The freezing January afternoon only added to my misery. Driving sleet stung my swollen eye as my high-top Keds pounded the grassy path carrying me to the safety of the small, wood-framed house where Mom and I lived.
I raced to the back porch not bothering to keep the screen door to the kitchen from banging closed behind me.
“Marcus, don’t slam the ...” —Mom almost got the familiar words out before she spied the ripped shirt, with buttons gone, hanging from my left shoulder. “No, not again,” she moaned.
“Why can’t I have new, store-bought clothes like everybody else?” I hurled the words at her like a fly ball over centerfield. The stinging words hung in the air and slowly etched their place into the face of the person I loved most in the world.
I must be the worst person God ever made. A wimp, a coward—all the things Greg and his buddies called me.
“Mom, I’m sorry,” I mumbled as I closed the door to my room and flung myself across the faded bedspread. My back ached from welts caused by rocks shot from Greg’s rubber band.
If only the accident hadn’t happened, or Dad had lived through it .... If only I’d been in the car with him when it hydroplaned and crashed into the bridge .... If only Mom had gotten a job in another town .... If only I were bigger, smarter, better looking .... If only ...
My first day at the new high school—that’s where it began. I’d just paid for lunch and was carrying my tray to a corner table. As Greg walked past me, he twisted my elbow sending the tray of spaghetti, peas and applesauce splattering across the cafeteria floor. He and his buddies doubled over with belly laughs. The cafeteria monitor didn’t see what happened and demanded I clean the floor and the guck from my jeans.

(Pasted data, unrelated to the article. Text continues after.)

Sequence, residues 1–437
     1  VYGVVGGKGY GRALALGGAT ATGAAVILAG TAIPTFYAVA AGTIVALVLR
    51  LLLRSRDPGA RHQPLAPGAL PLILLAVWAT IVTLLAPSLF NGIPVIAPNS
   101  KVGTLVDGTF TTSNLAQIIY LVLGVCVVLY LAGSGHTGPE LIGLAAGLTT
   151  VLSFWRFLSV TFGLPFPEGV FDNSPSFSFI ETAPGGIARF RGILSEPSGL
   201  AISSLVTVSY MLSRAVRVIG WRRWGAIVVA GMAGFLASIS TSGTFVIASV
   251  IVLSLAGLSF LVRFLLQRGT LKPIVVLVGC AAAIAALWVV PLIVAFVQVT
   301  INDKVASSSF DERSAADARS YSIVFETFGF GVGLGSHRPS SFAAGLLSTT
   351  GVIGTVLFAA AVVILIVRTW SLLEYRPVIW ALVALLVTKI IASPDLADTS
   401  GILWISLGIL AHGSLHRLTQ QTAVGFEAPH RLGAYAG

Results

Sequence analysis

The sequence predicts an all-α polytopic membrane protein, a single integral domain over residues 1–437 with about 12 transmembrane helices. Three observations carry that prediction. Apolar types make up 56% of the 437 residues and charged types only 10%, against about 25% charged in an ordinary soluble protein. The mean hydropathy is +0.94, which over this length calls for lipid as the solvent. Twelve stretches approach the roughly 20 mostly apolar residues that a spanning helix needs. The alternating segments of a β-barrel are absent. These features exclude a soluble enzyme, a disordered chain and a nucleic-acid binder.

I dreaded gym class most. My gym clothes would be missing, so I’d lose points for not dressing-out, or my shoelaces would be tied together making me late for lineup. The coach usually picked Greg to be one of the team captains, and the other captain knew he’d better not choose me. I was always last man on a team.
“This bullying has to end.” Mom insisted in a meeting with the principal.
The following day, Greg was called to the principal’s office from American Lit. When he strutted back into class, he gave me a smirk and Lou Ellen a wink. She buried her head in her book and giggled. My face turned red, and I felt sweat trickle from my armpits. I’d wanted to be friends with Lou Ellen since the first time I saw her, but now ...
Mom’s meeting with the principal did make a difference. The bullying got worse. Greg or one of his goons now followed me between classes, and I became the target for their rubber bands. Then, this afternoon, the gang jumped me when I got off the bus.
I took my dad’s bone-handle pocketknife from the top drawer of the night stand. In my hand, the three-inch blade was power ... strength ... courage ... control. Turning the blade to its dull edge, I drew an imaginary line across my wrist. Then, with the business edge of the blade, I shaved a small patch of hair on my forearm. Brushing the hair aside, the sharp point of the blade nicked my skin. I watched as blood dripped to the bedspread seeping into ripples that reminded me of bobbing corks when Dad and I fished the river behind our old house.
Mom called from outside my door, “Marcus, we need to talk.”
I slipped the open knife under my pillow as she came and sat on the edge of the bed. She put her arm around my shoulders and patted my knee. “I’ve called Pastor Glenn,” she said. “He’ll be here any minute with a deputy sheriff to take your statement. This bullying is going to end tonight!”
She hugged me and went to answer the doorbell.
Taking Dad’s knife from under the pillow, I closed the blade and placed it back in the drawer.
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